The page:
Prices Take Wing

  • David Humphreys


The five-minute ‘ring’ starts slowly, with the dealers slouched on their red leather benches in a circle under the bright lights. Periodically, one of them proffers a trade with an air of studied indifference. This continues for four minutes. In the last minute of the ring, the pace begins to quicken. The bids and offers flow more freely. The air of indifference evaporates. Dealers become more animated. Outside the ring, telephones clamped to their ears, traders signal to their colleagues in the ring the buy and sell orders coming down the line from clients. The last seconds of the ring are a complete frenzy, the dealers straining forward on their benches shouting and gesticulating. Then, as quickly as it arose, the storm abates. The bell sounds and the shouting ceases. The dealers leave the ring and calm prevails. The price of metal for the next trading period has been set.


Mining Industry Hedge Fund Commodity Price Spot Market Spot Prex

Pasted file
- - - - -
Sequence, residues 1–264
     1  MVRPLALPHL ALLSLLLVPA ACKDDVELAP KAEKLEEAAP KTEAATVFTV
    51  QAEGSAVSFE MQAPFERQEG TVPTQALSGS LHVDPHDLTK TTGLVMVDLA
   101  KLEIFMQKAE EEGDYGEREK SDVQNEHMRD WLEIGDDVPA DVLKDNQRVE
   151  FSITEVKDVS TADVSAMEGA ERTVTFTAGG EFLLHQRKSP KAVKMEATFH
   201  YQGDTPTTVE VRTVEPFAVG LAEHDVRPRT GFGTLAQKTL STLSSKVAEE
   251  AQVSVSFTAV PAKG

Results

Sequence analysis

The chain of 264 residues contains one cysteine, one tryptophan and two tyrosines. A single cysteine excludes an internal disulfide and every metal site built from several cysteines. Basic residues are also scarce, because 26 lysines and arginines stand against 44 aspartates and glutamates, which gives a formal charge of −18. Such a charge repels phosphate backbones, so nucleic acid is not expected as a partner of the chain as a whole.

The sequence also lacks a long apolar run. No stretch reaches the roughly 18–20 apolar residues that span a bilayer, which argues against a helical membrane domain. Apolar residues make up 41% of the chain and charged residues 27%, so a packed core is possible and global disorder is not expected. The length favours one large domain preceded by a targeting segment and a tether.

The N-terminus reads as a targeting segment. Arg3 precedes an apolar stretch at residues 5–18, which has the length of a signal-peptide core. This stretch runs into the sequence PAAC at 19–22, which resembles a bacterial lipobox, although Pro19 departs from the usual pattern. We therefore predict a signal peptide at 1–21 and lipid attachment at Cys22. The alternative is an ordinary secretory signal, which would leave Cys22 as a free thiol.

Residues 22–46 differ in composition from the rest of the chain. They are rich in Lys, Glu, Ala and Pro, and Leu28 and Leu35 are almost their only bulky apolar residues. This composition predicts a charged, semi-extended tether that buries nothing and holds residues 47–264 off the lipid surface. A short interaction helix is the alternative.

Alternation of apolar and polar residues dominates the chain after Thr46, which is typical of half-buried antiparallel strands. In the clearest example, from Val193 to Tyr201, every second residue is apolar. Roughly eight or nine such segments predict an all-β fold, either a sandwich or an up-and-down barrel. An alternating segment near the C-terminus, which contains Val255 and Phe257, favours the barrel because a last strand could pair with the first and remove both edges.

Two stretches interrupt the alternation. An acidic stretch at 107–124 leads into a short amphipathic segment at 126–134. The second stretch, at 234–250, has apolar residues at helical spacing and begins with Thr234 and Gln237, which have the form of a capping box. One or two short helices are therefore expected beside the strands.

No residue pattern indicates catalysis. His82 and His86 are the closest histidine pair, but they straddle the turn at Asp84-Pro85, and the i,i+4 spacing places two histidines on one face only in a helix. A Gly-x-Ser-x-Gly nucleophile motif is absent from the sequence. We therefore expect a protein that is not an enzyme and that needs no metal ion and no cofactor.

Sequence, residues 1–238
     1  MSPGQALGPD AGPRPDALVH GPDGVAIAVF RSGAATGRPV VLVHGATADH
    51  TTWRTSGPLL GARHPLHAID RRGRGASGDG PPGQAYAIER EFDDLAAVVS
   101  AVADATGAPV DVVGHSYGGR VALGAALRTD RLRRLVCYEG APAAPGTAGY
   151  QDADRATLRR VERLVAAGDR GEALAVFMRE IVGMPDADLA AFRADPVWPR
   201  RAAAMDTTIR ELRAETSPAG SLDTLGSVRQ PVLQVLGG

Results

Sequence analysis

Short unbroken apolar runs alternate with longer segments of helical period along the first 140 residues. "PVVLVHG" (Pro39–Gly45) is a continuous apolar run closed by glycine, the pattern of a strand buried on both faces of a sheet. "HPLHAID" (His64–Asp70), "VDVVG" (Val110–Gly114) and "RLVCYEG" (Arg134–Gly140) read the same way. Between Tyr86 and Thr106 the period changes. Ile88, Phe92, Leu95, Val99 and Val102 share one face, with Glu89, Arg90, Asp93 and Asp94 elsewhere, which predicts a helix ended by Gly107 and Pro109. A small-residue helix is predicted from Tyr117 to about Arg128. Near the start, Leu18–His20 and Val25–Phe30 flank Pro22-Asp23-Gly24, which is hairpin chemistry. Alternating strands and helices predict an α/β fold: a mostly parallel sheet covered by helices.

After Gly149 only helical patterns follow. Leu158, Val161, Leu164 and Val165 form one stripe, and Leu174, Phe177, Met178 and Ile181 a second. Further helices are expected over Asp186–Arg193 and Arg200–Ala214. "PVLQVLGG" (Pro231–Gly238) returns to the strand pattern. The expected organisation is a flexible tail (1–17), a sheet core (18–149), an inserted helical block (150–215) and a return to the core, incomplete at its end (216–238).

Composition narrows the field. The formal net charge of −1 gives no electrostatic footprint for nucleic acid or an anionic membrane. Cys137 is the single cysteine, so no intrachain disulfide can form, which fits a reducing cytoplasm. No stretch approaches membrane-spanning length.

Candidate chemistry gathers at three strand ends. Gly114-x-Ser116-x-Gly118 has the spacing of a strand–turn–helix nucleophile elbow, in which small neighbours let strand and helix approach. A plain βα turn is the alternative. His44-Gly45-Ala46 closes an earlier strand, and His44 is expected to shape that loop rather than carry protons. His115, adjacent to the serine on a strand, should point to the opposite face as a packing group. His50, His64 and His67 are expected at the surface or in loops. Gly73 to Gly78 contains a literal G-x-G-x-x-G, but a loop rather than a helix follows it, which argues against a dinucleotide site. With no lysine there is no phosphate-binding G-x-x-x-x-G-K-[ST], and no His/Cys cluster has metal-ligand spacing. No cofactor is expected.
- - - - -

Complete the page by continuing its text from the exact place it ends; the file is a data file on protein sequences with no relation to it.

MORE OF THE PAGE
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  1. 1.
    For a fuller discussion on these issues, see D. Humphreys (2011) ‘Pricing and Trading in Metals and Minerals’ in P. Darling (ed.) SME Mining Engineering Handbook, 3rd edn. (Society for Mining, Metallurgy, and Exploration).Google Scholar
  2. 2.
    This and the following paragraphs draw heavily on D. Humphreys (2010) ‘The Great Metals Boom: A Retrospective’, Resources Policy, 35, 1.CrossRefGoogle Scholar
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    These matters are discussed in detail in J.E. Tilton, D. Humphreys and M. Radetzki (2011) ‘Investor Demand and Spot Commodity Prices’, Resources Policy, 36, 3.CrossRefGoogle Scholar
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© David Humphreys 2015

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  • David Humphreys

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